Healthcare & Lifescience Talking Points | 24/08/2017


In today’s talking points: Does one drink a day damage your health?; How do we stay motivated to keep exercising?; Chinese scientists make breakthrough in treating liver cancer; Cancer drug susceptibility results now possible in 24 hours.

Does one drink a day damage your health?

You’ve no doubt heard the common wisdom that a drink at the end of a long day does you good. But the idea of low level drinking being good for your health has been questioned recently by Tanya Chikritzhs, Professor at Curtin University’s National Drug Research Institute. Earlier research suggested it was healthy, but actually alcohol is a carcinogen, a substance that can cause cancers. “From the very first sip, even at very low levels of less than half a drink a day, you can experience an increased risk for a range of cancers,” Professor Chikritzhs said. Professor Chikritzhs said in the last 20 years there had been rapid advances in our understanding of the links between alcohol and cancer, and a growing body of evidence linking increased alcohol consumption and cancer risk.

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How do we stay motivated to keep exercising?

Every year thousands of Australians take out gym memberships, make New Year’s resolutions to get fit or vow to tone-up in time for summer. Many of the commonly cited reasons for joining a gym – feeling guilty about your health, being pressured by others or wanting to lose weight – might get someone through the door, but will not lead to long term habits. Cecilie Thogersen-Ntoumani from Curtain University has spent a lot of time looking at what actually makes people motivated for exercise and whether it will last. “A lot of people probably have high levels or motivation to become fit and to exercise but it’s of low quality.” Research has also found that paying upfront for a gym membership or a series of training sessions will keep you going only in the short term.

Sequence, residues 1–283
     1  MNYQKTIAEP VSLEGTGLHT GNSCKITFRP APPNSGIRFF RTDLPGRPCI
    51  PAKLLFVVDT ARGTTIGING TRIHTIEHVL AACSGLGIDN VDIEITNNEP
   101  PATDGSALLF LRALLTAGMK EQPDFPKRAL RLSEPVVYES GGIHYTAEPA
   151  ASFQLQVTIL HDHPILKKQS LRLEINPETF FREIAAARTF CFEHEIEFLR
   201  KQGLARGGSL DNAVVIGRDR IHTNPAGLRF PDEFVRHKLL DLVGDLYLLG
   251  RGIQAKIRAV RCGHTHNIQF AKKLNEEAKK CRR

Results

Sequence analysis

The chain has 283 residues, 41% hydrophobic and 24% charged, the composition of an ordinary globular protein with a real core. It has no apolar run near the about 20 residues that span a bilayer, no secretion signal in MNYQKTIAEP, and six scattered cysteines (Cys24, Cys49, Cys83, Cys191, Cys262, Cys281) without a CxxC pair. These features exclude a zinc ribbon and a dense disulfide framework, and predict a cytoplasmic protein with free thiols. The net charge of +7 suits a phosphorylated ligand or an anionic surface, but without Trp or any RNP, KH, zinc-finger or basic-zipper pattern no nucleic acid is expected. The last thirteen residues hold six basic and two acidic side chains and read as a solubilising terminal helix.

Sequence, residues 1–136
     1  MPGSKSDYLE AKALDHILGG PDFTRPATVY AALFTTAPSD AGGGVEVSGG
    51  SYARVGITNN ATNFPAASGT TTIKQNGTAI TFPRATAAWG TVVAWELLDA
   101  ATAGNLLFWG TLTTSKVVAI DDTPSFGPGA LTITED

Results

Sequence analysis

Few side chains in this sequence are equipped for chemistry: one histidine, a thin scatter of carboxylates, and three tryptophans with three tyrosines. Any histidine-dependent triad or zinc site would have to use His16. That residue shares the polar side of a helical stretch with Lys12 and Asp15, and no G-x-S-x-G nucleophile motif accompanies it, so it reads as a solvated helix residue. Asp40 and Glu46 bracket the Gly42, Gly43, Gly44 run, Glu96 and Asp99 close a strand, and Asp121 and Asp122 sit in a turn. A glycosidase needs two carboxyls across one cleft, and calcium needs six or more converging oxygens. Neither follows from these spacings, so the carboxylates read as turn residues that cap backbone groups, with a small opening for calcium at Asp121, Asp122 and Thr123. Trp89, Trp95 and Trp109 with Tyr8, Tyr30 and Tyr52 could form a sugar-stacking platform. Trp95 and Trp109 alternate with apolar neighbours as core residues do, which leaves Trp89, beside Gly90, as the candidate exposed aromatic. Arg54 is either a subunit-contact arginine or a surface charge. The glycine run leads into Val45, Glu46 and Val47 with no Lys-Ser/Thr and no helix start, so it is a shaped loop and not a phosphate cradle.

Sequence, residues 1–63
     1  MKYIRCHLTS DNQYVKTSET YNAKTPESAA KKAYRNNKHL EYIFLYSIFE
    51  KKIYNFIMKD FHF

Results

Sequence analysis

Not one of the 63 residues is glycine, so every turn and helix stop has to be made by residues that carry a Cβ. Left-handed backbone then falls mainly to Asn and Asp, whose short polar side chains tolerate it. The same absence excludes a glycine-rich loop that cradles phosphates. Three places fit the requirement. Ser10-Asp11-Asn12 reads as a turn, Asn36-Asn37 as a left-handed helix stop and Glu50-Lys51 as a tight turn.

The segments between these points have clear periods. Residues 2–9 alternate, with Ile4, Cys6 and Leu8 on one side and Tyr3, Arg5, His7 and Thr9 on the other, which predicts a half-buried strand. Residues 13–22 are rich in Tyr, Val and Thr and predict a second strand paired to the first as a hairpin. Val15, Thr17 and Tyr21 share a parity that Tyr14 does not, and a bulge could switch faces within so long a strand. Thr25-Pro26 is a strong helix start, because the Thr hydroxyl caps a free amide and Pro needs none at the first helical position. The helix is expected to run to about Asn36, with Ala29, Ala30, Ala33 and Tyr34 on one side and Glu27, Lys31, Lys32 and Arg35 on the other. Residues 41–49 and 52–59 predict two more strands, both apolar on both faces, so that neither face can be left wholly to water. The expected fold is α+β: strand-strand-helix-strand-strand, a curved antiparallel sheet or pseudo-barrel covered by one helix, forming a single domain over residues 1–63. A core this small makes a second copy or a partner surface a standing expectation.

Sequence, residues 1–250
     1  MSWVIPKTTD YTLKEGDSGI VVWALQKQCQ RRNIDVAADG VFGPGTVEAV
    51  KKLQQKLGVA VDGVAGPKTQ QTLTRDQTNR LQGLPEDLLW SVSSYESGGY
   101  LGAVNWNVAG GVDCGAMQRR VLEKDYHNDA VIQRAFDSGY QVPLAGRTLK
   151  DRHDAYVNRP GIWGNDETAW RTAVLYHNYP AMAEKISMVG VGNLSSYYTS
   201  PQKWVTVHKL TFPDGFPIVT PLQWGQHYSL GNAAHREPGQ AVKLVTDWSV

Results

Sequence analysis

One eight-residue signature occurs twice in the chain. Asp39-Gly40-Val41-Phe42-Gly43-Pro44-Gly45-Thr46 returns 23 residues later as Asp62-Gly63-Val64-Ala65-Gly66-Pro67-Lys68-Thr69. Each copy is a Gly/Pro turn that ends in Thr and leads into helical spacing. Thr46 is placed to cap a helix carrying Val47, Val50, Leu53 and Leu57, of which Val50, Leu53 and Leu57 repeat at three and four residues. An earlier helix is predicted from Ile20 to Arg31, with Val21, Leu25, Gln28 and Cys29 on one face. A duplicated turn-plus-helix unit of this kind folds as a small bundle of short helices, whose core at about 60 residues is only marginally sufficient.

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Chinese scientists make breakthrough in treating liver cancer

 Chinese scientists have discovered a compound that helps a tumour-targeting virus destroy liver cancer cells more effectively, according to a recently published study. The mosquito-borne virus – M1 virus – commonly affects horses, causing mild illness, however in humans it selectively targets cancer cells in the most common form of liver cancer – hepatocellular carcinoma (HCC).

In order to boost the virus’s effectiveness, researchers looked into the mechanisms of HCC and found that Eeyarestatin 1, an inhibitor of a protein involved in HCC malignancy, was particularly effective when used in conjunction with the M1 virus.

This novel treatment will begin clinical trials in 2018, giving hope to HCC sufferers worldwide.


Read more at: Xinhua



Cancer drug susceptibility results now possible in 24 hours

 A research team from the University of Macau (UM) have made a breakthrough in screening drug susceptibility for human primary cancers. The team synergised methods in precision medicine, image processing and microfluidic chips to shorten analysis times to 24 hours, paving the way for swift viability tests in precision cancer therapy.

Moving forwards, this technique could be used more broadly to study differential drug responses in heterogeneous cancers.

Read more at: Xinhua